FILED 2017 Dec-05 AM 10:29 U.S. DISTRICT COURT N.D. OF ALABAMA UNITED STATES DISTRICT COURT FOR THE NORTHERN DISTRICT OF ALABAMA SOUTHERN DIVISION TIMOTHY GAINES, Plaintiff, vs. JOHN R. COOPER and GARY SMITH, Defendants. ) ) ) ) ) ) ) ) ) Civil Action Number 2:17-cv-01406-AKK MEMORANDUM OPINION AND ORDER Timothy Gaines brings this civil rights action via 42 U.S.C. § 1983, against his supervisors in the Alabama Department of Transportation (ALDOT), John Cooper and Gary Smith (collectively the Defendants). Gaines seeks declaratory and injunctive relief as well as money damages against the Defendants in their official and individual capacities on the basis of unlawful racial discrimination and retaliation in violation of 42 U.S.C. §1981 and the Fourteenth Amendment. The Defendants have now moved to dismiss under Rules 12(b)(1) and 12(b)(6) of the Federal Rules of Civil Procedure. Doc. 10. That motion is now adequately briefed, docs. 10; and 16, and ripe for decision. After carefully reviewing the complaint and the parties’ respective briefs, the court concludes the Defendants’ motion is due to be denied in part and granted in part. I. STANDARD OF REVIEW Typically, immunity issues are construed as challenges to the subject-matter jurisdiction of a federal court properly raised under Rule 12(b)(1), at least where, as here, the motion does not implicate the underlying merits of the case. See Garrett v. Talladega Cty. Drug & Violent Crime Task Force, 983 F. Supp. 2d 1369, 1373 (N.D. Ala. 2013); Harris v. Bd. of Trs. Univ. of Ala., 846 F. Supp. 2d 1223, 1231 (N.D. Ala. 2012). A 12(b)(1) challenge may take the form of a facial or factual attack on the complaint. See McElmurray v. Consol. Gov’t of AugustaRichmond Cty., 501 F.3d 1244, 1251 (11th Cir. 2007). A facial attack “‘require[s] the court merely to look and see if [the] plaintiff has sufficiently alleged a basis of subject matter jurisdiction, and the allegations in [her] complaint are taken as true for the purposes of the motion.’” Id. (quoting Lawrence v. Dunbar, 919 F.2d 1525, 1529 (11th Cir. 1990)). On the other hand, a factual attack challenges “‘the existence of subject matter jurisdiction in fact, irrespective of the pleadings, and matters outside the pleadings . . . are considered.’” Id. (quoting Lawrence, 919 F.2d at 1529. In such an instance, the court may hear conflicting evidence and decide the factual issues bearing on jurisdiction. Colonial Pipeline Co. v. Collins, 921 F.2d 1237, 1243 (11th Cir. 1991). Here, the Defendants do not present any 2 evidence beyond the pleadings for review, and the court construes their jurisdictional challenge as facial.1 In addition to meeting this court’s jurisdictional requirements, Federal Rule of Civil Procedure 8(a)(2) requires a pleading to contain “a short and plain statement of the claim showing that the pleader is entitled to relief.” “[T]he pleading standard Rule 8 announces does not require ‘detailed factual allegations,’ but it demands more than an unadorned, the-defendant-unlawfully-harmed-me accusation.” Ashcroft v. Iqbal, 556 U.S. 662, 678 (2009) (quoting Bell Atl. Corp. v. Twombly, 550 U.S. 544, 555 (2007)). Mere “‘labels and conclusions’” or “‘a formulaic recitation of the elements of a cause of action’” are insufficient. Id. (quoting Twombly, 550 U.S. at 555). “Nor does a complaint suffice if it tenders ‘naked assertion[s]’ devoid of ‘further factual enhancement.’” Id. (quoting Twombly, 550 U.S. at 557). Federal Rule of Civil Procedure 12(b)(6) permits dismissal when a complaint fails to comply with Rule 8(a)(2) or does not otherwise state a claim upon which relief can be granted. When evaluating a motion under Rule 12(b)(6), 1 This ruling renders academic any debate regarding whether a motion to dismiss on Eleventh Amendment grounds is properly brought under Rule 12(b)(1) or Rule 12(b)(6). In either case, the procedural safeguards enjoyed by the plaintiff are the same. See, e.g., Lawrence v. Dunbar, 919 F.2d 1525, 1529 (11th Cir. 1990) (noting that a facial attack on jurisdiction under 12(b)(1) and a motion to dismiss for failure to state a claim under 12(b)(6) both require the deciding court to consider the allegations in the complaint as true); see also Fleming v. Va. State Univ., No. 3:15CV268, 2016 WL 927186, at *1 n.4 (E.D. Va. Mar. 4, 2016) (explaining that because the same procedural protections are afforded under either approach “[t]he distinction makes no practical difference”). 3 the court accepts “the allegations in the complaint as true and construe[s] them in the light most favorable to the plaintiff.” Hunt v. Aimco Props., L.P., 814 F.3d 1213, 1221 (11th Cir. 2016). However, “[t]o survive a motion to dismiss, a complaint must . . . ‘state a claim to relief that is plausible on its face.’” Iqbal, 556 U.S. at 678 (quoting Twombly, 550 U.S. at 570). A complaint states a facially plausible claim for relief “when the plaintiff pleads factual content that allows the court to draw the reasonable inference that the defendant is liable for the misconduct alleged.” Id. The complaint must establish “more than a sheer possibility that a defendant has acted unlawfully.” Id.; see also Twombly, 550 U.S. at 555 (emphasizing that “[f]actual allegations [included in the complaint] must be enough to raise a right to relief above the speculative level”). Ultimately, the line between possibility and plausibility is a thin one making this determination a “context-specific task that requires the reviewing court to draw on its judicial experience and common sense.” Iqbal, 556 U.S. at 679. II. FACTS Gaines worked for ALDOT as a rest area attendant under the supervision of Gary Smith, the Director of ALDOT’s Oneonta Division, at the Interstate 59 rest area in Ashville, Alabama for a little over four years. Doc. 1 at 2–3. During that time, Gaines was never disciplined or notified of any unsatisfactory conduct. Id. at 3. In May 2014, Gaines wrote a letter to Smith’s supervisor in which Gaines 4 complained about his work hours and, more generally, about the treatment of African-American employees in the workplace. Id. Approximately a month later, Smith questioned Gaines, who is an African-American, regarding the letter, purportedly informing Gaines that “he should not have [complained].” Id. at 2, 3. Within a few weeks of this conversation, Smith denied Gaines’ request for a transfer to an open permanent rest area attendant position. Id. at 3. Gaines also requested shift changes during this time period which Smith uniformly denied. Id. at 3–4. Within three months of Smith’s warning, ALDOT terminated Gaines, purportedly because Gaines failed to obtain his commercial driver’s license (CDL) in a timely manner. Id. at 3–4. However, the time ALDOT had previously given Gaines to obtain his CDL had not expired when he was terminated. Id. at 4–5. Moreover, Gaines claims that ALDOT transferred three similarly situated white employees who also failed to obtain their CDL licenses instead of discharging them. Id. at 5. III. DISCUSSION The Defendants’ motion relies on two arguments: (1) that, as state officials sued in their official capacity, the Defendants are immune from suit pursuant to the Eleventh Amendment; and alternatively, (2) that the Defendants are entitled to qualified immunity because the complaint fails to adequately allege that they 5 violated any of Gaines’ clearly established rights. The court will address each argument in turn. A. Eleventh Amendment Immunity It is well-settled that “state officials sued for damages in their official capacity are immune from suit in federal court.” Jackson v. Ga. Dep’t of Transp., 16 F.3d 1573, 1575 (11th Cir. 1994). It is equally well-settled, however, that “the Eleventh Amendment does not protect state employees sued in their individual capacity for employment-related acts.” Id. Moreover, the Supreme Court in Ex parte Young, 209 U.S. 123 (1908), declared that “suit[s] alleging a violation of the federal constitution against a state official in his official capacity for injunctive relief on a prospective basis . . . [do] not violate the Eleventh Amendment.” Grizzle v. Kemp, 634 F.3d 1314, 1319 (11th Cir. 2011). To determine whether a suit falls within the Ex parte Young exception for prospective relief, “a court need only conduct a ‘straightforward inquiry into whether [the] complaint alleges an ongoing violation of federal law and seeks relief properly characterized as prospective.’” Verizon Md. Inc. v. Pub. Serv. Comm’n of Md., 535 U.S. 635, 645 (2002) (quoting Idaho v. Coeur d’Alene Tribe of Idaho, 521 U.S. 261, 296 (1997) (O’Connor, J., concurring)). Here, although Gaines’ complaint is far from clear, the caption of the document indicates that he is suing the Defendants in both their official and 6 individual capacities. Doc. 1 at 1. Thus, as Gaines concedes, to the extent his complaint can be construed as seeking an award of money damages from the Defendants in their official capacities, those claims are due to be dismissed. Doc. 16 at 5. However, Gaines’ claim for damages against the Defendants in their individual capacities does not violate the Eleventh Amendment. See Cross v. Ala. Dep’t of Mental Health & Mental Retardation, 49 F.3d 1490, 1503 (11th Cir. 1995). The other remedies Gaines seeks including reinstatement, a permanent injunction against the Defendants’ alleged continuing violation of federal law, and a declaration that the Defendants’ employment policies and practices violate federal law all easily qualify as prospective. See Doc. 1 at 6. Accordingly, Gaines’ requests for injunctive and declaratory relief fall within the Ex parte Young exception and also avoid the immunity bar imposed by the Eleventh Amendment. See Verizon Md., 535 U.S. at 645 (suit to enjoin enforcement of a state official’s order in contravention of federal law qualified as prospective relief for purposes of Ex parte Young); Summit Med. Assocs., P.C. v. Pryor, 180 F.3d 1326, 1337 (11th Cir. 1999) (the Eleventh Amendment “does not generally prohibit suits seeking only prospective injunctive or declaratory relief”). In short, the Eleventh Amendment bars only Gaines’ claim for monetary relief against the Defendants in their official capacities. 7 B. Qualified Immunity The defense of qualified immunity reflects both “the need to hold public officials accountable when they exercise power irresponsibly and the need to shield officials from harassment, distraction, and liability when they perform their duties reasonably.” Pearson v. Callahan, 555 U.S. 223, 231 (2009). Accordingly, “government officials performing discretionary functions are immune not just from liability, but from suit, unless the conduct which is the basis for [the] suit violates clearly established federal statutory or constitutional rights of which a reasonable person would have known.” Sanders v. Howze, 177 F.3d 1245, 1249 (11th Cir. 1999). The term discretionary authority includes “all actions of a governmental official that (1) ‘were undertaken pursuant to the performance of [her] duties,’ and (2) were ‘within the scope of [her] authority.’” Jordan v. Doe, 38 F.3d 1559, 1566 (11th Cir. 1994) (quoting Rich v. Dollar, 841 F.2d 1558, 1564 (11th Cir. 1988)). The parties agree that this threshold inquiry is satisfied here, and that the Defendants were acting within their discretionary authority when they purportedly took various discriminatory actions against Gaines. Docs. 10 at 6–7; 16 at 7.2 Therefore, “‘the burden shifts to [Gaines] to show that qualified immunity is not appropriate.’” Vinyard v. Wilson, 311 F.3d 1340, 1346 (11th Cir. 2002) 2 The Defendants emphasize that because their employment decisions fell within the scope of their discretionary authority they are entitled to qualified immunity, but this position misconstrues the law. Acting within the scope of discretionary authority is necessary but not sufficient to invoke the shield of qualified immunity. 8 (quoting Lee v. Ferraro, 284 F.3d 1188, 1194 (11th Cir. 2002)). To make this showing, Gaines “must demonstrate . . . the following two things: (1) that the defendant[s] violated [his] constitutional rights, and (2) that, at the time of the violation, those rights were ‘clearly established . . . in light of the specific context of the case, not as a broad general proposition.’” Gaines v. Wardynski, 871 F.3d 1203, 1208 (11th Cir. 2017) (quoting Saucier v. Katz, 533 U.S. 194, 201 (2001), overruled, in part, on other grounds by Pearson v. Callahan, 555 U.S. 223 (2009)). The court “may decide these issues in either order, but, to survive a qualifiedimmunity defense, [the plaintiff] must satisfy both showings.” Jones v. Fransen, 857 F.3d 843, 851 (11th Cir. 2017). The Defendants do not argue that Gaines’ rights under § 1981 and the Equal Protection Clause of the Fourteenth Amendment were not clearly established at the time of the alleged violations. Thus, the court assumes without deciding, that Gaines has satisfied the second prong of the qualified immunity inquiry, at least with respect to his racial discrimination claims and his retaliation claims under § 1981. However, because “no clearly established right exists under the equal protection clause to be free from retaliation,” Ratliff v. DeKalb Cty., 62 F.3d 338, 340 (11th Cir. 1995), the Defendants are entitled to qualified immunity with respect to Gaines’ retaliation claims brought pursuant to the Fourteenth Amendment, and those claims are DISMISSED. See Lieu v. Bd. of Trs. of the 9 Univ. of Ala., No. 5:15-cv-02269, 2017 WL 2633402, at *3 (N.D. Ala. June 19, 2017) (finding that dismissal of a Fourteenth Amendment retaliation claim was appropriate on qualified immunity grounds because no clearly established right to be free from retaliation existed under that amendment). Rather than focus on the nature of the rights at issue, the Defendants primarily contend that Gaines’ complaint fails to show, as it must, a violation of federal law in the first instance. In other words, the Defendants appear to argue that the complaint does not plausibly allege the existence of a prima facie case of racial discrimination or retaliation under either the Fourteenth Amendment or § 1981. The court will address each contention in turn. 1. Unlawful Termination Claims The Defendants’ blanket attack on the complaint is unfounded as it relates to Gaines’ claims arising from his discharge. First, as to both discharge-related claims, there is no serious question that Gaines was subjected to an adverse job action, termination. Further, Gaines, an African-American, belongs to a protected class. Likewise the complaint satisfies the employment discrimination requirement that Gaines was, in fact, qualified for his job by alleging that he “performed his job duties and responsibilities in a more than satisfactory manner” and that he “had never been disciplined during his employment with ALDOT.” Doc. 1 at 3. While Gaines had not yet obtained his CDL, a requirement for his position, his time to do 10 so had purportedly not expired when he was discharged. Id. at 4–5. Significantly, Gaines complaint also establishes the sine qua non of an employment discrimination claim, disparate treatment, by alleging that ALDOT transferred three white employees who had also failed to obtain their CDLs instead of discharging them. Id. at 5. Accordingly, Gaines’ allegation that the Defendants discharged him before the expiration of his deadline to obtain his CDL and treated similarly situated white employees more favorably is sufficient to state a plausible claim of intentional employment discrimination based on race, which is all Gaines must do at this stage of the proceeding. See Swierkiewicz v. Sorema N.A., 534 U.S. 506, 515 (2002) (holding that a heightened pleading standard is not imposed on employment discrimination suits under the Federal Rules).3 Likewise, Gaines has alleged sufficient facts to support his § 1981 retaliatory discharge claim. Specifically, Gaines’ complaint indicates he engaged in protected activity when he allegedly wrote a letter to a supervisor complaining “about treatment of African-American employees versus Caucasian employees.” Id. at 3. While the complaint provides few specifics regarding the purportedly discriminatory treatment referenced in Gaines’ letter, it does indicate that Gaines 3 Moreover, contrary to the Defendants’ contentions, Gaines’ allegations that Defendant Cooper supervised him and participated in discharging him are sufficient to plausibly allege wrongdoing on Cooper’s part. Doc. 1 at 4. While at some point Gaines will need to produce evidence regarding both Defendants’ involvement in the discharge decision, his complaint has carried that burden for now. 11 expressed concerned over the distribution of work hours, id., and it is well-settled that § 1981 protects employees from discrimination based on race in the employment context, including in the assignment of shifts and working hours. See, e.g., Brown v. Bibb Cty. Props., LLC, 602 F. App’x 755, 757–58 (11th Cir. 2015). Thus, Gaines has sufficiently alleged that he complained about discriminatory conditions in the workplace and that he had an objectively reasonable belief that assigning hours on the basis of race was illegal. That is more than sufficient at the pleading stage for this court to find that Gaines’ written complaint to a supervisor plausibly qualifies as protected activity. As for whether the protected activity was “the but-for cause of the challenged employment action,” Univ. of Tex. Sw. Med. Ctr. v. Nassar, 133 S. Ct. 2517, 2528 (2013), the complaint alleges that Smith, Gaines’ direct supervisor, openly questioned Gaines regarding the letter, and, when Gaines admitted to writing it, Smith purportedly told him that “he should not have done that.” Doc. 1 at 3. Gaines was terminated within, at the most, three months of that conversation. Id. at 3–4. While a delay of three to four months is not enough to establish an inference of retaliation standing alone, Thomas v. Cooper Lighting, Inc., 506 F.3d 1361, 1364 (11th Cir. 2007), Gaines has pleaded other factual allegations bearing on his retaliation claims including: (1) his direct supervisor’s verbal warning; (2) the fact that other similarly situated employees were not terminated; and (3) his 12 allegations of the denial of his shift and transfer and the pattern of other retaliatory actions which occurred within weeks of his supervisor’s warning. Doc. 1 at 3–5. Moreover, Gaines has alleged that both Defendants supervised him and participated in the decision to terminate his employment. Id. at 4. At this stage, these allegations are sufficient to create the plausible inference that both Defendants, Gaines’ supervisors who made the decision to terminate him, were aware of his protected conduct and discharged him in retaliation for engaging in that conduct. That is all Gaines must plead for his claim of retaliatory discharge to survive the Defendants’ motion. 2. Transfer and Job Assignment Claims4 The Defendants’ motion has some merit with respect to Gaines’ claims arising out of the denial of his requests for a transfer and shift-changes. Specifically, the complaint is currently silent as to whether these denials qualify as adverse actions for purposes of stating a claim of employment discrimination on the basis of race. First, although a showing of economic harm is not necessary for an employment action to qualify as adverse, “an employee must show a serious and material change in the terms, conditions, or privileges of employment.” Davis v. Town of Lake Park, 245 F.3d 1232, 1239 (11th Cir. 2001). Moreover, “‘an 4 Gaines has admitted that his claims regarding the denial of his transfer and shift-change requests implicate only Smith. Doc. 16 at 10. To the extent Gaines complaint could be read as asserting these claims against Cooper as well, those allegations are DISMISSED 13 employment action . . . is not adverse merely because the employee dislikes it or disagrees with it.’” Doe v. DeKalb Cty. Sch. Dist., 145 F.3d 1441, 1448 (11th Cir. 1998) (quoting Perryman v. West, 949 F. Supp. 815, 819 (M.D. Ala. 1996)). Relevant here, “[a] [denial of] transfer can constitute an adverse employment action . . . if [the transfer] involves an [increase] in pay, prestige, or responsibility.” Hinson v. Clinch Cty., Ga. Bd. of Educ., 231 F.3d 821, 829 (11th Cir. 2000); see also Hawkins v. BBVA Compass Bancshares, Inc., 613 F. App’x 831, 836–37 (11th Cir. 2015) (finding that a failure to transfer the plaintiff to a position without allegations of additional pay, prestige or responsibility was not “adverse”); Melton v. Nat’l Dairy, LLC, 705 F. Supp. 2d 1303, 1324–25 (M.D. Ala. 2010) (same). Gaines’ complaint provides no factual allegations regarding differing responsibilities, or pay between his position, at the time, and the position he sought a transfer to fill. Indeed, to the extent the complaint provides any facts regarding the transfer, it indicates that it was a lateral move to a similar rest area attendant position, albeit one Gaines describes as permanent. Doc. 1 at 2, 3–4.5 Similarly, with respect to his request for a shift-change, Gaines has not alleged that the denial of his request constituted a material change in his employment, and generally, a mere shift-change, without more, is not sufficient to constitute adverse employment action. See Gray v. Vestavia Hills Bd. of Educ., 317 F. App’x 898, 5 There is no allegation that the Gaines’ held with ALDOT was temporary. 14 904 (11th Cir. 2008). Gaines’ complaint simply does not contain any allegations that would enable this court to draw an inference that the denial of either his shiftchange or his transfer request constituted an adverse employment action. Moreover, Gaines has completely failed to plead the existence of disparate treatment with respect to the denial of these requests. His complaint simply provides that he subjectively believes his transfer and shift-change requests were denied “because of his race.” Doc. 1 at 3, 4. But, for this court to draw an inference of racial discrimination, Gaines must, for example, also plead that his employer “treated similarly situated employees outside [his] classification more favorably,” Knight v. Baptist Hosp. of Miami, Inc., 330 F.3d 1313, 1316 (11th Cir. 2003), or otherwise allege additional facts showing that discriminatory animus factored into the decision to deny his requests. Here, Gaines’ complaint simply fails to provide any basis to support his contention of racial animus. Therefore, because Gaines has failed to plead adequate factual content to allow the court to draw the plausible inference that discriminatory animus motivated the denial of his transfer and shift change requests, rather than the alleged retaliatory intent he also pleads, the motion to dismiss these claims is GRANTED, albeit without prejudice to replead. As for the purportedly retaliatory denial of his request for a transfer and for various shift-changes, it is also not obvious that Gaines suffered a sufficiently 15 adverse employment action. However, in the context of retaliation all that is required to make a showing of material adversity is an action that “well might have dissuaded a reasonable worker from making or supporting a charge of discrimination.” Burlington N. & Santa Fe Ry. Co. v. White, 548 U.S. 53, 68 (2006) (quotation omitted); Crawford v. Carroll, 529 F.3d 961, 973 n.13 (11th Cir. 2008) (explaining that Burlington “strongly suggests that it is for a jury to decide whether anything more than the most petty and trivial actions against an employee should be considered ‘materially adverse.’”). While, as discussed, Gaines’ complaint provides almost no information with respect to the nature of his requests for a transfer and shift-change, at this stage, the court must construe these allegations “in the light favorable to the plaintiff.” Mills v. Foremost Ins. Co., 511 F.3d 1300, 1303 (11th Cir. 2008) (quotation omitted). Accordingly, the fact that these requests were made and denied is enough to create the plausible inference that such conduct could deter a reasonable worker from seeking to raise similar complaints of discrimination. That is enough to satisfy the adversity requirement. Moreover, for the reasons discussed above, Gaines has provided specific factual allegations linking the denial of his requests to the protected activity he engaged in. As mentioned, his supervisor, Smith, questioned Gaines about his letter complaining about racial discrimination, and stated that “he should not have” written such a letter. Doc. 1 at 3. Gaines further alleges that Smith denied his 16 transfer request within weeks of their conversation regarding Gaines’ complaint. Id. The Eleventh Circuit has previously found that “[a] period as long as one month between a protected activity and an adverse action is not too protracted to infer causation based on temporal proximity.” Faircloth v. Herkel Invs., Inc., 514 F. App’x 848, 852 (11th Cir. 2013). While it is true that Gaines submitted his complaint months before his transfer and shift-change requests, the denial of those requests, at least in part, took place within a few weeks of Smith’s discovery of Gaines’ authorship of the document. Doc. at 3–4. Accordingly, at the pleading stage, Gaines has provided enough evidence to support the plausible inference that a desire to retaliate was the but-for cause of Smith’s decision to deny his requests for a transfer and for shift-changes. IV. CONCLUSION AND ORDER For the foregoing reasons, the court DENIES the Defendants’ motion, doc. 10, as it relates to the discriminatory and retaliatory discharge claims, and the § 1981 retaliation claims based on the denial of Gaines’ transfer and shift change requests. The motion is GRANTED as to (1) Gaines’ claim for the racially discriminatory denial of his shift change and transfer requests; (2) the alleged retaliation claims, if any, brought pursuant to the Fourteenth Amendment; (3) the retaliation claims against Cooper, if any, for the denial of Gaines’ shift change and 17 transfer requests; and (4) the claim for money damages, if any, against the Defendants in their official capacity. DONE the 5th day of December, 2017. _________________________________ ABDUL K. KALLON UNITED STATES DISTRICT JUDGE 18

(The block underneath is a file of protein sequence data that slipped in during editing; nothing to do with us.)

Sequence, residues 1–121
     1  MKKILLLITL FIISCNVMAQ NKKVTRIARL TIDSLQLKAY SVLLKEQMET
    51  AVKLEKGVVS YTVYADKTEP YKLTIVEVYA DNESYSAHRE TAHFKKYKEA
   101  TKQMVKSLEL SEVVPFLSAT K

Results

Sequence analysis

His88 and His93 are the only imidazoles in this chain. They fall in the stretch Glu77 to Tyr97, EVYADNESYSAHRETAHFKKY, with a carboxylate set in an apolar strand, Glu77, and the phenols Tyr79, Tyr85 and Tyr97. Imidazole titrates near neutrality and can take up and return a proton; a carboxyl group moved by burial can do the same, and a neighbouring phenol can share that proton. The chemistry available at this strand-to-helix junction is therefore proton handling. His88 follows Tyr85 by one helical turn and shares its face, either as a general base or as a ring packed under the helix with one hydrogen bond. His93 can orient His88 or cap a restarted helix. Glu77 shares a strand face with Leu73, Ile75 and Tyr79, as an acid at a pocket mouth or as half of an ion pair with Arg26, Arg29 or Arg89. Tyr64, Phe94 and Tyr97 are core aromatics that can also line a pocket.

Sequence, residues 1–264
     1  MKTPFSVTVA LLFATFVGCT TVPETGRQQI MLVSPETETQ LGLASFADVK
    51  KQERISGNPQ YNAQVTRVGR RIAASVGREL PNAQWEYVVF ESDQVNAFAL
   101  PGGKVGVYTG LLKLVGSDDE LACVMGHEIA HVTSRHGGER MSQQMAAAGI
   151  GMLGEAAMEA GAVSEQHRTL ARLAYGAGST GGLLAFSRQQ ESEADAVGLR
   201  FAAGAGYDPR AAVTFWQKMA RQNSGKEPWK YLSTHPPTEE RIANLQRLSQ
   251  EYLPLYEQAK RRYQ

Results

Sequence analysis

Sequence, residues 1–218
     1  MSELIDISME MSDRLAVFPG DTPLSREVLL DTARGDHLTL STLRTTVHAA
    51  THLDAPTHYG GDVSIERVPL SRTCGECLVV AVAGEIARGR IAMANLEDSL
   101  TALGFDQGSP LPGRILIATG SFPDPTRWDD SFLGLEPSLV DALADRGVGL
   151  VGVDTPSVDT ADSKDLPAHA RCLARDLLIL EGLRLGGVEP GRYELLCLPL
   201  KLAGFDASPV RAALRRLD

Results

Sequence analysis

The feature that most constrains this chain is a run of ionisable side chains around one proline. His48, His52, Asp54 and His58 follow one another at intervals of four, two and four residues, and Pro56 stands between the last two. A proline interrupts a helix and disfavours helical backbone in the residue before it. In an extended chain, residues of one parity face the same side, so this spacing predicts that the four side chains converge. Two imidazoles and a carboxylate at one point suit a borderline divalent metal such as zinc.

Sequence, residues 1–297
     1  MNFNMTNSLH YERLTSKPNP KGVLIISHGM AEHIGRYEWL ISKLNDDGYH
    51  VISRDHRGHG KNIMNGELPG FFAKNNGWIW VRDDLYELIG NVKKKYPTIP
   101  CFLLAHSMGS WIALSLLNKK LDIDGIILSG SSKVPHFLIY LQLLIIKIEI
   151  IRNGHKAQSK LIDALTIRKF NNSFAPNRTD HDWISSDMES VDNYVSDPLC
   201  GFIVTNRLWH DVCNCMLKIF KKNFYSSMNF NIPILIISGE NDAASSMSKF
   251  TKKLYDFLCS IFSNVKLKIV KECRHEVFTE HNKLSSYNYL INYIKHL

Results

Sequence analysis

Disclaimer: Justia Dockets & Filings provides public litigation records from the federal appellate and district courts. These filings and docket sheets should not be considered findings of fact or liability, nor do they necessarily reflect the view of Justia.

Why Is My Information Online?